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Curragh Camp losing historical memories?
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Curragh Camp losing historical memories?
THE CURRAGH, JANUARY 2, 1998: by Brian Byrne. Young men and women being trained in 1999 at the Defence Forces Training Centre on the Curragh are likely to be unaware of the the camp's historical connection with the signatories of The Proclamation of Easter 1916, because all the barracks buildings bearing the signatories' names are now known by other titles. Pearse and McDonagh Barracks are now the Military College (the banner of which is shown on the left); McDermott and Clarke are part of the Combat Support Centre and the Combat Service Support Unit; while Ceannt, Connolly and Plunkett are now Combat Support Centre HQ, with Plunkett also housing the Artillery School. In operational terms, only part of the Third Battalion now remains on the Curragh, where the British Army established the first permanent camp in 1858.
The camp was handed over to the National Army in 1922, at which time the barracks buildings were renamed to honour the 1916 patriots. "The camp has already been downgraded in the restructuring of the Defence Forces," one member of the forces commented to KNN. "But it seems an even greater pity that the memory of those who began the final process that led to the formation of the Irish state has also been downgraded."
The restructuring of the Defence Forces, implementation of which was begun last November, has been met with considerable anger in many parts of County Kildare, particularly in Kildare town and Naas, where McGee and Devoy Barracks respectively were closed and the activities centred in them relocated to the Curragh and other military establishments.
Special report for Kildare town sewerage problem
KILDARE, JANUARY 2, 1998: A special report is needed on how Kildare town's sewerage system can be upgraded to cope with the prospect of a doubling population, according county manager Niall Bradley. He was replying to Cllr Michael McWey's concerns that the system will not be able to cope with the situation, because surface water is currently going into the main sewer system in the town. "It's a complex issue," the manager said, "and a special report will be brought before the council in January."
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Major development proposal for famous Naas hotel
NAAS, JANUARY 1, 1998: A new function room, basement bar, and a seven-shop retail and office development are all part of a major planning proposal for Lawlor's Hotel in Naas which has been lodged with Naas UDC. The application by the Fitzgerald Group also includes demolition of buildings to the rear of the existing restaurant and bar, refurbishment and alterations to the existing licensed premises as an hotel with dining, lounge bar and 18 bedrooms, and minor amendments to the existing Poplar Square facade. Three existing residential premises adjoining the current hotel facade will also be demolished under the proposal, and off-street parking for 40 cars is proposed. The hotel was sold to the Fitzgerald Group earlier this year after being in the Lawlor family for several generations.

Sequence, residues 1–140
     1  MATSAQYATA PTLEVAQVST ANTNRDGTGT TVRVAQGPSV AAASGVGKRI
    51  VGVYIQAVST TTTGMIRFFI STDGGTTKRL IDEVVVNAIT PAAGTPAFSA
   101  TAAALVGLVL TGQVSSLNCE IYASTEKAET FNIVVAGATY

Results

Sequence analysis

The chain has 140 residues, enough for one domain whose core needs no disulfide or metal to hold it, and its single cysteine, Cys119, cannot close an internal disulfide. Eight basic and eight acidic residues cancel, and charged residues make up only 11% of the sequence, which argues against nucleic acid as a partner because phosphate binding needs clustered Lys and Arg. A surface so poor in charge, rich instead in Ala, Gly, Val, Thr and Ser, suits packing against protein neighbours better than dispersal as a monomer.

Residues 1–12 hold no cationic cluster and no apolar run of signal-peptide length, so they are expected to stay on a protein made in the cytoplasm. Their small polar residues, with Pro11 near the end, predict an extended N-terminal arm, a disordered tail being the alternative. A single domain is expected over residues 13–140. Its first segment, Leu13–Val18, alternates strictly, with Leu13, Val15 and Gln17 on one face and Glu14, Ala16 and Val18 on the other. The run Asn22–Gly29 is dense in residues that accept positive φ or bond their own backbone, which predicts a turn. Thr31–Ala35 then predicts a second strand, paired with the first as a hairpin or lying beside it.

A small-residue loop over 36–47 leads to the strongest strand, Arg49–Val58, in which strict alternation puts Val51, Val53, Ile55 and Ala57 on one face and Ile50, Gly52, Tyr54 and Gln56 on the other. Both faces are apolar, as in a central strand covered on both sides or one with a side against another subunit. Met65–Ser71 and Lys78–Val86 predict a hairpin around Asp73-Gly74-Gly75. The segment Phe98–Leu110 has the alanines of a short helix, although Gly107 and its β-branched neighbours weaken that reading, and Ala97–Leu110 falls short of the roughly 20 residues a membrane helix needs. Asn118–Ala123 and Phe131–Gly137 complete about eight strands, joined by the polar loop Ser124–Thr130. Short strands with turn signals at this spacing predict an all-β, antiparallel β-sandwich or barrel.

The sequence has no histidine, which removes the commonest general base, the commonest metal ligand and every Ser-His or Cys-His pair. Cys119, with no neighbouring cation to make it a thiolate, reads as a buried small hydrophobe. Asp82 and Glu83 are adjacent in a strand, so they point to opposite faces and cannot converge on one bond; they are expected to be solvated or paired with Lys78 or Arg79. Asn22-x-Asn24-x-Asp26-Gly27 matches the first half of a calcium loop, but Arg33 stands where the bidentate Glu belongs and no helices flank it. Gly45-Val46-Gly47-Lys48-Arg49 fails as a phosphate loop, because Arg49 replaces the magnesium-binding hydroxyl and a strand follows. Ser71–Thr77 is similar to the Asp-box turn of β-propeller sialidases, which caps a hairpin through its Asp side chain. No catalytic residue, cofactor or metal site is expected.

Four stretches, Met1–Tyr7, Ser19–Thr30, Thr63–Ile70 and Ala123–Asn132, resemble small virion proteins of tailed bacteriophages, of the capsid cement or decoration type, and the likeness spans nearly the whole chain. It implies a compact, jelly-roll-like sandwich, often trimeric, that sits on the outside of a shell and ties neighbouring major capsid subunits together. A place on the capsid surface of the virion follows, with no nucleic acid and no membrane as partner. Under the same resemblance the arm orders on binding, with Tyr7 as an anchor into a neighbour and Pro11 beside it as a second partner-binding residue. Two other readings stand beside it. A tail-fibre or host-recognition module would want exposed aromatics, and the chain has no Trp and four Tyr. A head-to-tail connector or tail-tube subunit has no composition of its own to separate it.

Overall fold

KNN would like to wish all our friends and visitors a very happy and prosperous 1999 ... and we'd like you all to make it a New Year Resolution to come back to us every day - Trish Whelan & Brian Byrne
Kill retail project gets go-ahead for material contravention process
KILL, DECEMBER 31, 1998: Kildare County Council has decided to initiate the material contravention process in relation to the proposed £20 million Tourist Outlet Village beside Goffs at Kill. This follows a 'very detailed' examination by council staff of the application from Irish Retail Outlets Ltd for the development, and after 'comprehensive discussions' between the council and the applicants and their advisers. County manager Niall Bradley is of the view that the specific nature and potential significance of the development is such as to warrant initiation of the material contravention procedure. This will afford members of the council an opportunity of considering whether or not planning permission should be granted, subject to appropriate conditions. A public notice to this effect will be issued shortly.